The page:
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Advice: Software: ROOT and course: Applied PDE

  1. Jan 10, 2016 #1

    RJLiberator

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    Tomorrow I embark on a new semester and this semester I have the pleasure of learning applied partial differential equations and the software of "ROOT"

    ROOT: https://root.cern.ch/

    So I am here to solicite advice.

    1. In regards to ROOT, is there anything that can set me up better for a more successful semester? I am moderately code-savvy. I have it installed on my mac, windows, and linux. The mac is my laptop which I bring to course. Is there any tips you have for working on ROOT?

    2. For Applied Partial Differential Equations, here is my situation. I took a 4-week summer course of differential equations. It was rather easy for me, but admittedly now I can barely remember much of it. Applied PDE is a graduate level 481 course while diff eqns was an undergrad 220 course. What's the difference between the two? What is partial vs. regular DE.
    Are there any good sites that focus on the material that I can browse? What is the main few ideas/things that anyone taking applied PDE is going to learn?
    Is it possible that I am in over my head in this course? I've done extremely well in all my math courses prior.
     
  2. jcsd
  3. Jan 10, 2016 #2

    Student100

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    If you've got experience with C++, ROOT will be intuitive. Go through the tutorials on the CERN website.

    You could very well be over your head with the graduate level PDE course. Didn't they offer an undergraduate one?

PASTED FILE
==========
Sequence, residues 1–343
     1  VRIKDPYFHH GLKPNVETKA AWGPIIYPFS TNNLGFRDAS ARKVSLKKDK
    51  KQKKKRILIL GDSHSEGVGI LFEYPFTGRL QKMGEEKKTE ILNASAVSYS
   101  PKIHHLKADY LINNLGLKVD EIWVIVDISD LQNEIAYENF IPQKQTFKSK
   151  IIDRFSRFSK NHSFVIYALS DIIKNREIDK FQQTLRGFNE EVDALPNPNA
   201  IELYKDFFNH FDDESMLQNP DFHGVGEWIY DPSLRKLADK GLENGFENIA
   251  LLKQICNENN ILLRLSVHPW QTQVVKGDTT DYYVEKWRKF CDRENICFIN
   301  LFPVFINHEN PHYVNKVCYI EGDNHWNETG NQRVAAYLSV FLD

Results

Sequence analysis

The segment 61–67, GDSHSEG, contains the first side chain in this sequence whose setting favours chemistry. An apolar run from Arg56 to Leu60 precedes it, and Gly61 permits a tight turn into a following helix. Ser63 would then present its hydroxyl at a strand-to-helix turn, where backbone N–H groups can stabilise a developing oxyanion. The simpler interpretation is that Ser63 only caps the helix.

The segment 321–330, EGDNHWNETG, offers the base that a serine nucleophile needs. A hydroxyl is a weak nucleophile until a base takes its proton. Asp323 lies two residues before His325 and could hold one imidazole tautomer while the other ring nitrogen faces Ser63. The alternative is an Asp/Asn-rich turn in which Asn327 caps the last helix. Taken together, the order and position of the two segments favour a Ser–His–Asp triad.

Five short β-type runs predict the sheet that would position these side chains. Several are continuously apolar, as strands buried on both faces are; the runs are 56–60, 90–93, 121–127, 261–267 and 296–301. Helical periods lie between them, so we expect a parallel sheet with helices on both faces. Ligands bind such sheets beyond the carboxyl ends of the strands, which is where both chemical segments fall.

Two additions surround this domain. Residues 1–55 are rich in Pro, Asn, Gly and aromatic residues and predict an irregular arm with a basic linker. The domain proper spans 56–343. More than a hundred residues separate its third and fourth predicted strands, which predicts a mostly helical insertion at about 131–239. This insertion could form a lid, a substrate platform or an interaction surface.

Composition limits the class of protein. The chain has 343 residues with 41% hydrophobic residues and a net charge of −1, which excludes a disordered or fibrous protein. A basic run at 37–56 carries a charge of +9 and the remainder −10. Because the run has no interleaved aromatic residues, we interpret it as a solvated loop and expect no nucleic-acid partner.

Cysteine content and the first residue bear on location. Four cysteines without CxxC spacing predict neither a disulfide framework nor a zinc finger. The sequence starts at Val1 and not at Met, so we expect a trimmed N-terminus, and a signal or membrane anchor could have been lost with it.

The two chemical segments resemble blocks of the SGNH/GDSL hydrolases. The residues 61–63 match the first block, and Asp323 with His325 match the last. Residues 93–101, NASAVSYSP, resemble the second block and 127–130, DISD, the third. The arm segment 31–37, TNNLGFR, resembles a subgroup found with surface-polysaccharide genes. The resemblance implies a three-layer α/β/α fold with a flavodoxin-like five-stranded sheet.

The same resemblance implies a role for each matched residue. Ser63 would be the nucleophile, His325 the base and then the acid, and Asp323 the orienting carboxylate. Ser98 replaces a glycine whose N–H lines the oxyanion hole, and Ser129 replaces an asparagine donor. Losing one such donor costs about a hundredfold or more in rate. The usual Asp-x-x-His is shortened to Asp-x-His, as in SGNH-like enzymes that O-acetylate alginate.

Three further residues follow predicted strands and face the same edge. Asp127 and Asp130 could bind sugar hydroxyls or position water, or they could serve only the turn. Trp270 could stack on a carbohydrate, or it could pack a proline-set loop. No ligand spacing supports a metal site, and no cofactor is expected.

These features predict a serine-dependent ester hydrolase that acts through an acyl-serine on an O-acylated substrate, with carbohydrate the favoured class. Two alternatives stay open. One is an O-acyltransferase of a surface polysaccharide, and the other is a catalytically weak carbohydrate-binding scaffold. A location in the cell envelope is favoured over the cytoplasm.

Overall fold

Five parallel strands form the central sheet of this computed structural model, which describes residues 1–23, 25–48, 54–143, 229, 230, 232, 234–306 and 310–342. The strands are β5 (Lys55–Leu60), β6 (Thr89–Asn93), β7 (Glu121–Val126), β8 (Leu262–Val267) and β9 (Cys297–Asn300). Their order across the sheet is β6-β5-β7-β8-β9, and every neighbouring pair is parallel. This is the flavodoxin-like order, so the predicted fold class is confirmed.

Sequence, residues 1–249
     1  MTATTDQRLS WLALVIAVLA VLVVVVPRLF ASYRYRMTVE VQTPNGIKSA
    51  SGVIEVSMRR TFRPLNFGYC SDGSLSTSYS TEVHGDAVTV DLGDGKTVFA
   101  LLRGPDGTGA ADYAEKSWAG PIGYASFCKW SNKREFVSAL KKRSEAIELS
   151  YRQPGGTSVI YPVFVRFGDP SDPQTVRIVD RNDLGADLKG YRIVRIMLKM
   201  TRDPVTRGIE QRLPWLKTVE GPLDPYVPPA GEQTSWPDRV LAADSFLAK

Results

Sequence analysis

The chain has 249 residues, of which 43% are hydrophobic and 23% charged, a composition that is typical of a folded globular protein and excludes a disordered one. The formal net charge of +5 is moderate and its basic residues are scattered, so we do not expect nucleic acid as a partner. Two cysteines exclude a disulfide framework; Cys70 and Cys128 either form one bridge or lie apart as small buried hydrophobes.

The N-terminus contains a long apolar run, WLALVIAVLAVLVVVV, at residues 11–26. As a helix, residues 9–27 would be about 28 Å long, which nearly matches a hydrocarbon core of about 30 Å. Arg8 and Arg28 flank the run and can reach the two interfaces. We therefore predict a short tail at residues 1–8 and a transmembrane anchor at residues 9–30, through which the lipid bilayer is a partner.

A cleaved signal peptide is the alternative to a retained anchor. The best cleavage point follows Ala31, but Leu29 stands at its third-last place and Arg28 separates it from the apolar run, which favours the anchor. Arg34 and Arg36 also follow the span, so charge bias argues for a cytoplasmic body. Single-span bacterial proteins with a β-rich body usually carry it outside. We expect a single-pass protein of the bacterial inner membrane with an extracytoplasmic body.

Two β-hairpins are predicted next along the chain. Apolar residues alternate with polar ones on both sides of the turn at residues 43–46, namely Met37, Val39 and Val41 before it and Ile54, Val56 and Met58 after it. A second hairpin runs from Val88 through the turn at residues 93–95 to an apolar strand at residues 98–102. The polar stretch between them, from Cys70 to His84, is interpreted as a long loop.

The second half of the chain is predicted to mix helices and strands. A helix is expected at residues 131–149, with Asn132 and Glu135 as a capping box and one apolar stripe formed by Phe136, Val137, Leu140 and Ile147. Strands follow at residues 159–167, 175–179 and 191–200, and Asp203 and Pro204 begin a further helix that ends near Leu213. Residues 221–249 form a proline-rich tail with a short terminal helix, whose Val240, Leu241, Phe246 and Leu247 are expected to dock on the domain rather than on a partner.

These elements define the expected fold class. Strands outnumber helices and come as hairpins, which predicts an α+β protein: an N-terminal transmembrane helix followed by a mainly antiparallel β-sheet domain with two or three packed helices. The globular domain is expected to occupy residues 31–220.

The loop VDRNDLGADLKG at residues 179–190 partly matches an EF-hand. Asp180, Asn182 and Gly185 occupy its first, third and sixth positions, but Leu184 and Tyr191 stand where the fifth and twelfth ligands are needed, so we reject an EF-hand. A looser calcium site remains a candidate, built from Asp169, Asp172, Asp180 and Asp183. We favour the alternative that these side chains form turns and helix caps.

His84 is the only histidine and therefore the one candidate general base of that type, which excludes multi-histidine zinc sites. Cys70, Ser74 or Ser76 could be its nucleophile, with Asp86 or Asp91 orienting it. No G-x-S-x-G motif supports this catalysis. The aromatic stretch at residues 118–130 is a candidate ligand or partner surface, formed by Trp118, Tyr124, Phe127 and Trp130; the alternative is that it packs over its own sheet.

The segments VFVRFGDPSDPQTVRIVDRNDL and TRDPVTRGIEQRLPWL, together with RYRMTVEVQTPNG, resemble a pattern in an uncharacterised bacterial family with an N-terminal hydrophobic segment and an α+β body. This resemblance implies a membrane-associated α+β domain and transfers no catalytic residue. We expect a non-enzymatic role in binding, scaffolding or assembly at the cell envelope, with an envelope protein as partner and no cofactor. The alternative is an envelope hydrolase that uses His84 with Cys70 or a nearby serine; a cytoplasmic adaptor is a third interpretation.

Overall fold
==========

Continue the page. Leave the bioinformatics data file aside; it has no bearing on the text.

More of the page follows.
PDE's deal with multidimensional problems(more than one variable) and their partial derivatives, while ODE's (what it sounds like you took) are a special case, which are one dimensional.
     
  4. Jan 10, 2016 #3

    RJLiberator

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    The courses concerning diff eq's goes from Math 220 Differential equations to Math 480 Applied Diff EQ to Math 481 Applied Partial Diff Eq.

    No other courses for Diff EQ are listed in between them or afterwards.
     
  5. Jan 10, 2016 #4

    Student100

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    Interesting, maybe you won't be over your head then. Kind of curious they don't have the course offered at an undergrad level.

    Take a look at http://tutorial.math.lamar.edu/Classes/DE/IntroPDE.aspx, that should help you some if you review before before class starts. (Or get's too serious)

    PDE's are incredibly useful for the physical sciences, enjoy.
     
  6. Jan 10, 2016 #5

    RJLiberator

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    :). Excellent. When I saw the course available to my schedule I was very happy to try it out for this reason.

    The link you supplied me looks great. I will keep it handy.
     
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